SCRIPTURE READINGS: [ 2 COR 9:6-10JN 12:24-26 ]

Today we celebrate the Feast of St Lawrence, deacon and martyr.  That today’s celebration is accorded a second class feast which is normally reserved for Mary and the apostles means that the Church wants to give due importance to St Lawrence.  It is therefore imperative for us to understand the mind of the Church if we want to reap the fruits from today’s commemoration.  Perhaps, the importance of St Lawrence lies in the fact that he has imitated Christ both in his life and in his death.  But more importantly, it is his living out the Eucharist that gives significance to this feast.

Indeed, we are told that when St Lawrence was the administrator of the Church of Rome under Pope Sixtus II, the Emperor Valerian was then persecuting the Church.  Soon after the Pope was martyred, Lawrence was called before the prefect of Rome.  He was ordered to hand over all the treasures of the Church to Rome.  Without any resistance, Lawrence asked leave from the Prefect for a few days to collect the treasures.  On that appointed day, he appeared before the Prefect bringing with him the “treasures” that he has gathered.  He told the Prefect, “Here are the treasures of the Church, the poor people of Rome.”  The prefect was incensed and had him grilled.  Legend says that when he was half-way through being grilled, he light-heartedly requested that he be turned over as one side was already well done.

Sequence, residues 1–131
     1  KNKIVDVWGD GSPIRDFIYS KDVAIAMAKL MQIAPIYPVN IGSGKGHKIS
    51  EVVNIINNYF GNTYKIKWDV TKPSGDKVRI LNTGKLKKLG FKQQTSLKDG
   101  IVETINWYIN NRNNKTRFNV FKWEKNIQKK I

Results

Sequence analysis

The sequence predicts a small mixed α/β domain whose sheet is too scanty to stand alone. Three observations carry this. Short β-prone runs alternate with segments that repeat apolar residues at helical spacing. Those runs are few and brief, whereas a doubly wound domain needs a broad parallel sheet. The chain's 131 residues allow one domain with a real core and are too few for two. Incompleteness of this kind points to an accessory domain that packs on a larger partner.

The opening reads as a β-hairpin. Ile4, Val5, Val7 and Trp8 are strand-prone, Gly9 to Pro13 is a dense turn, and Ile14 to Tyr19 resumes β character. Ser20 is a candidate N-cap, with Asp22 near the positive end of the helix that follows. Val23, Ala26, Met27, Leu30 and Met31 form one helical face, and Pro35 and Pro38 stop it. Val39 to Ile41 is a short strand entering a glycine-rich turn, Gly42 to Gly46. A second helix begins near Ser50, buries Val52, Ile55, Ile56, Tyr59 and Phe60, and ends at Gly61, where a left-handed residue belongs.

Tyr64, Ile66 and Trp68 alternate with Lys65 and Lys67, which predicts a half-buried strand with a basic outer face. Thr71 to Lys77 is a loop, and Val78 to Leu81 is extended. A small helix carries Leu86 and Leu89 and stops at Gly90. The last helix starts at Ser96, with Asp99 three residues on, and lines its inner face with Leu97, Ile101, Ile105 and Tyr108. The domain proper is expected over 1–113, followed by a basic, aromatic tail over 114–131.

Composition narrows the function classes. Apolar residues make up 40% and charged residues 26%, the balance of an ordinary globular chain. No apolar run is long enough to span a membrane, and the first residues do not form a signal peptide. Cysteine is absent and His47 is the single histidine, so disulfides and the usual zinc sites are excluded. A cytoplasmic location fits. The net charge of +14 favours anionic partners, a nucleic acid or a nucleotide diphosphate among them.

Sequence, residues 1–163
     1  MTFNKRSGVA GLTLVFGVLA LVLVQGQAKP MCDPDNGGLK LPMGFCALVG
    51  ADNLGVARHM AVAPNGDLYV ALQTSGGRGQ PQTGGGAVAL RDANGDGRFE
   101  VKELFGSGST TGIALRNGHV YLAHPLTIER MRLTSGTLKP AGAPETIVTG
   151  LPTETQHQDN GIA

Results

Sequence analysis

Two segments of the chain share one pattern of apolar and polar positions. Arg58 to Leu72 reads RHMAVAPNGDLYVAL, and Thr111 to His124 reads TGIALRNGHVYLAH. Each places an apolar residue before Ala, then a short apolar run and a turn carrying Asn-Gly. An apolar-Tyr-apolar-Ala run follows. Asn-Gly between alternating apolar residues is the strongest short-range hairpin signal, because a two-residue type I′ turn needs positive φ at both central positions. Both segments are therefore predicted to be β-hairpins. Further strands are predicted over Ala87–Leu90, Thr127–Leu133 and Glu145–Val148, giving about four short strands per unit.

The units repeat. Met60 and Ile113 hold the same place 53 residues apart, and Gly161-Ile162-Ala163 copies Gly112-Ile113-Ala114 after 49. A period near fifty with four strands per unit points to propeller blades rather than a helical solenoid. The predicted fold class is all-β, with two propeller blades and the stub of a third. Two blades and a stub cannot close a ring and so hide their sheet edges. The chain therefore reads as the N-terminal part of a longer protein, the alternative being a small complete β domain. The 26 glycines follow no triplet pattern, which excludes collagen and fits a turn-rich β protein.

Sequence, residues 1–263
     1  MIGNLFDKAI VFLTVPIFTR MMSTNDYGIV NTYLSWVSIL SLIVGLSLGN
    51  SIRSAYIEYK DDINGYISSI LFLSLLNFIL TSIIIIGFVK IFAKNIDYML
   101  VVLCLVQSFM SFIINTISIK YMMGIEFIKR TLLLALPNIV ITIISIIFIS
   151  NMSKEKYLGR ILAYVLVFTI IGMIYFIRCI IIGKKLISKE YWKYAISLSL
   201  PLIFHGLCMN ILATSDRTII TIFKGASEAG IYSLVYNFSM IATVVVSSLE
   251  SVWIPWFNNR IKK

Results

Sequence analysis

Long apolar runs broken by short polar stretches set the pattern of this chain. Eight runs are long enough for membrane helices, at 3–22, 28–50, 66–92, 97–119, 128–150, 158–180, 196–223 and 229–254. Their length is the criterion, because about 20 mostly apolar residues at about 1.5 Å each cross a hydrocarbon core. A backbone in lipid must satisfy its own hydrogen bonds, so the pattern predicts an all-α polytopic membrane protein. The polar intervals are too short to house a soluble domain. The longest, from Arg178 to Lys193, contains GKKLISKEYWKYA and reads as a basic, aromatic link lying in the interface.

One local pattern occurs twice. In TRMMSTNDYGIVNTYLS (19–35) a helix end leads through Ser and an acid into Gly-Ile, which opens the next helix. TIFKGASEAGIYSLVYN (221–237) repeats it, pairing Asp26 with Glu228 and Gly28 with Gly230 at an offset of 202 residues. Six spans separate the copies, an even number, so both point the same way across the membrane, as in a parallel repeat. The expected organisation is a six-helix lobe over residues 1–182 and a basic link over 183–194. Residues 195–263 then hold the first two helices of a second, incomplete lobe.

Where did St Lawrence get the strength to love the poor in Christ in such a manner? The truth is that Lawrence truly understood the relationship between the Eucharist and the body of Christ. He did not simply celebrate the Eucharist but he lived it out in his commitment to the poor.  He knows that the body of Christ is not just the Eucharist that we receive but the Church.  He would have remembered the words of Jesus in the gospel “Truly I tell you, whatever you did not do for one of the least of these, you did not do for me.” (Mt 25:45)   More than that, he was even willing to die for the poor.  Lawrence lived out today’s gospel passage totally.  Like the wheat grain, he died and yielded a rich harvest.  He knew that to serve Jesus is to follow Him even to the cross.

All of us too are called to serve the poor.  Of course, there are different kinds of poverty.  There is no one who is not poor.  We can be poor in wealth, in health, in virtues, in the gifts of the Holy Spirit.  Most of all, we are poor in different degrees when it comes to forgiving, not just those who hurt us but ourselves as well.  Following the example of St Lawrence, we are called to serve the poor, in reaching out and caring for them, and the poorest people today are those who lack love in their lives.